Prime Minister Scott Morrison has a plan to get most of Australia back open and running by December this year, including lifting state border restrictions. Speaking in a press conference on Friday afternoon after this morning’s National Cabinet meeting, Morrison said seven of the eight states and territories – including New South Wales, Victoria, Queensland, South Australia, Tasmania, the Northern Territory, and the ACT – have agreed to devise a strategy to lift state borders and open the country by Christmas. However, he added that Western Australia will not be joining.
“So, we agreed today, seven out of eight states and territories, we agreed that before you know what you’re gonna do, you’ve gotta agree about where you want to get to,” he said. “And we agreed today with the objective that was set out in the May plan to be, at the end of that step 3 process, which we will seek to ensure is even better defined, we said before we wanted to get there in July.
“And the virus prevented us from achieving that. Seven out of eight states and territories want us to get back to that position in December of this year.”
Morrison continued: “As you know, the New South Wales and Victorian premiers are very keen to get their border down as soon as it’s safe to do so. Tasmania, I note, in particular already has a goal of having its border down in December as well. Now, Western Australia has set out some very specific circumstances in their state as to why they won’t be joining that aspiration at this time.”
The prime minister said he’s also been in discussion with New Zealand’s Prime Minister Jacinda Arden about a possible travel bubble, although it might only be one way for a while.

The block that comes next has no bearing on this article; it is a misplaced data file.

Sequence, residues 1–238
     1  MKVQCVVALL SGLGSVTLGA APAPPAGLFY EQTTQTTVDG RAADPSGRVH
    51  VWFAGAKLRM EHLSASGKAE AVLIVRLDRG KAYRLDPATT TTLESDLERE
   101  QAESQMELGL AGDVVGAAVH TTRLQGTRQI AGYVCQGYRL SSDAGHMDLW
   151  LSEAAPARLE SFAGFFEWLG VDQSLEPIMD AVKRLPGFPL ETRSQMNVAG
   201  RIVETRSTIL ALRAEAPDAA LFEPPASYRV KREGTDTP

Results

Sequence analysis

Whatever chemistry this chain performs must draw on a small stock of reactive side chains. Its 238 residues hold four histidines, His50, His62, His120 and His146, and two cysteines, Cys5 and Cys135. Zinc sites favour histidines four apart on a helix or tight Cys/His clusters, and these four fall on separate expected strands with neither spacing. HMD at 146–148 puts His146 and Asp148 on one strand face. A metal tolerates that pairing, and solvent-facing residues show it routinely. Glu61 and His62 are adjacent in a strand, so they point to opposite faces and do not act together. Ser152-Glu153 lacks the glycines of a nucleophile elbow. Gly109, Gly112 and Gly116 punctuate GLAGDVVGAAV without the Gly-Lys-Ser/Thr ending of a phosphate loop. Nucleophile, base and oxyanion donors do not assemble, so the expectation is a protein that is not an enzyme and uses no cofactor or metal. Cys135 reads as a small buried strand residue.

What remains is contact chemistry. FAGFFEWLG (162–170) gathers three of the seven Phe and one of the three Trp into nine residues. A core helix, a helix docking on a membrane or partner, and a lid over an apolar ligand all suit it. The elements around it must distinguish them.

“I spoke to Prime Minister Ardern this morning, and what I advised her was that Australia will be looking to apply the same hot spot approach to New Zealand,” he said. “So, that means, when we’re in a position to do so, and when the Acting Chief Medical Officer has come to a set of arrangements with New Zealand, then we would be able to have New Zealanders come to Australia. That doesn’t mean Australians can go to New Zealand.”
Earlier this week Queensland Premier Annastacia Palaszczuk doubled down on her dedication to keeping the Sunshine State’s borders closed until there are zero cases of community-acquired coronavirus in New South Wales and Victoria. “I think we’re going to continue to see restrictions in Victoria up until Christmas time,” she said on Monday. “That’s very unfortunate for people living there but it’s a serious situation.”
Palaszczuk has come under fire in recent weeks over her refusal to loosen any of the state’s hard border restrictions. Ahead of today’s National Cabinet meeting, the premier told reporters the criticism is “intimidating” but said she will not be intimidated.
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